Lisa Cimbaluk, 35, of Irvine, missing since Dec. 29, 2014, was recently found deceased in the waters of Big Bear Lake. (Photo Courtesy: SBCounty.gov )
Irvine/Big Bear – On Dec. 29, 2014, the parents of Lisa Cimbaluk, 35, reported their daughter missing from her home in Irvine. From that point, the story takes a downward turn, resulting in tragedy.
On Sun., Jan. 4, at approximately 2:15 a.m., San Bernardino County Sheriff’s Department (SBSD) Deputies from the Big Bear Station discovered Cimbaluk’s snow-covered vehicle at the Woodland Trailhead in the mountain town of Fawnskin.
According to SBSD, Deputies and volunteers began an exploration of the immediate area, but because of the snow and extreme overnight temperatures, they suspended their search until daylight.
On Mon., Jan. 5, the search for Cimbaluk continued, with 25 search and rescue members searching the area around the North Shore Parking Lot where her car was found, as well as the Woodland Trail. Patrol Citizens handed out flyers in surrounding communities, and SBSD began aerial searches of the area.
After suspending activity for the night, the search resumed again on Tues., Jan. 6, with more than double the number of search and rescue members actively looking for Cimbaluk, including assistance from Los Angeles, Orange, Riverside and Kern counties.
The search continued, and on Thurs., Jan. 8, at approximately 10 a.m., a body was located in the water near the South Shore area of Big Bear Lake from an aerial exploration. Personnel responded to the area and confirmed it to be a deceased female. The Coroner took charge and was able to positively identify the body as that of Lisa Ann Cimbaluk.
Whether Cimbaluk became lost or injured on the trail, or was the victim of foul play, is not known. SBSD will continue its investigation into her death, and hopefully be able to piece together the final days of Lisa Cimbaluk.
Anyone with information is urged to call the Sheriff’s Department at (909) 866-0100.
Irvine – The former controller of a company that provides supervision services, including electronic monitoring programs to courts and probation departments, plead guilty this week to federal charges of embezzling well over $3 million from the company over the course of two years.
According to the U.S. District Attorney’s Office, Steven A. Hagstrom, 37, of Anaheim, who was an accountant and then controller of the Irvine-based Sentinel Offender Services, LLC, plead guilty on Tues., June 3, to one count of embezzlement before United States District Judge, David O. Carter.
As controller of Sentinel, Hagstrom had access to Sentinel’s bank accounts where fines, court fees and restitution payments from criminal defendants were held in trust. The accounts also held money paid to Sentinel for services provided to state and federal court systems. Beginning in early 2012 and continuing until April 2013, Hagstrom transferred approximately $3,338,197 from Sentinel’s bank accounts to bank accounts he controlled, where they could be used for his own benefit.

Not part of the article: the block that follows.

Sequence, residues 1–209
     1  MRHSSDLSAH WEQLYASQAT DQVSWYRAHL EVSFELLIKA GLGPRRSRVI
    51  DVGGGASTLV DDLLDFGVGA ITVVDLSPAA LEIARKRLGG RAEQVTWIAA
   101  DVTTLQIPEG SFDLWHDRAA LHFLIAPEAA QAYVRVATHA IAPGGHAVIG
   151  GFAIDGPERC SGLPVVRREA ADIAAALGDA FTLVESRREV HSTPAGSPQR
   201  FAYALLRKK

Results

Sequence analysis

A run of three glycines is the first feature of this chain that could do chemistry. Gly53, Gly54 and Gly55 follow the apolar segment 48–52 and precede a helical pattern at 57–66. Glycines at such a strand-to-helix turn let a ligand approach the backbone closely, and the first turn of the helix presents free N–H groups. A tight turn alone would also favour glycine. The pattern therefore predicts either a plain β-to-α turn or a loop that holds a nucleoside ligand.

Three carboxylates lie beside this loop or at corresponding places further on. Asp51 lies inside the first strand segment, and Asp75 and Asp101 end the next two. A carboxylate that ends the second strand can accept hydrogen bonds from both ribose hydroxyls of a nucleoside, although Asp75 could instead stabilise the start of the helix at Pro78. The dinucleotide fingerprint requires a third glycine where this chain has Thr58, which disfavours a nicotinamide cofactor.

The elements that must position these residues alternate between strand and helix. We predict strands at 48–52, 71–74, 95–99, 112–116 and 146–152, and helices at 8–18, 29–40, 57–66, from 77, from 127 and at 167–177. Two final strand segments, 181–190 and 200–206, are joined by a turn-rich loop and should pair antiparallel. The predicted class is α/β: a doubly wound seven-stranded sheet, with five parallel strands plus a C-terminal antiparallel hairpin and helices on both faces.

Judge Carter is scheduled to sentence Hagstrom on Sept. 29. The embezzlement count carries a statutory maximum sentence of ten years in federal prison. About half of the embezzled money has already been returned to Sentinel, and Hagstrom has agreed to make full restitution to his former employer.
The investigation into Hagstrom was conducted by the Federal Bureau of Investigation and the Internal Revenue Service Criminal Division.
BY EMILY LUNDBERG
Irvine – Allergan, Inc., an Irvine-based multi-specialty healthcare company focused on discovering, developing and commercializing innovative pharmaceuticals, biologics and medical devices, announced that it has recently rejected an offer to merge with Valeant Pharmaceuticals International, Inc.
In an unsolicited proposal sent on April 22, Valeant offered to pay $48.30 in cash and .83 shares for each Allergan share. In the proposal information listed on their website, Valeant CEO, Michael Pearson, claimed that a merger between the two companies presents “an undeniable opportunity to create extraordinary value for both Allergan and Valeant shareholders by establishing an unrivaled platform with leading positions in ophthalmology, dermatology, aesthetics, dental and the emerging markets.”
Allergan’s rejection of the proposal obviously shows that they don’t agree with Pearson’s opinion. In fact, in his rejection letter to Pearson, Allergan CEO, David E. I. Pyott, stated that the proposal “substantially undervalues Allergan” and posed a serious risk because of a “large stock component, which we believe is a risk for Allergan stockholders due to the uncertainty surrounding Valeant’s long-term growth prospects and business model.”
Another reason why the merger offer was rejected by Allergan is that “given the strength in its business, Allergan plans to increase earnings per share by 20-25%” over the next couple of years.” Indeed the company has seen a net sales increase every business quarter since 2009. It is Allergan’s belief that accepting the offer may have affected their likelihood of reaching that potential.
Currently Allergan is Irvine’s seventh largest employer, with its 28-acre headquarters hosting nearly 2,000 employees. The company also employs an additional 9,000+ employees in over 100 countries across the world.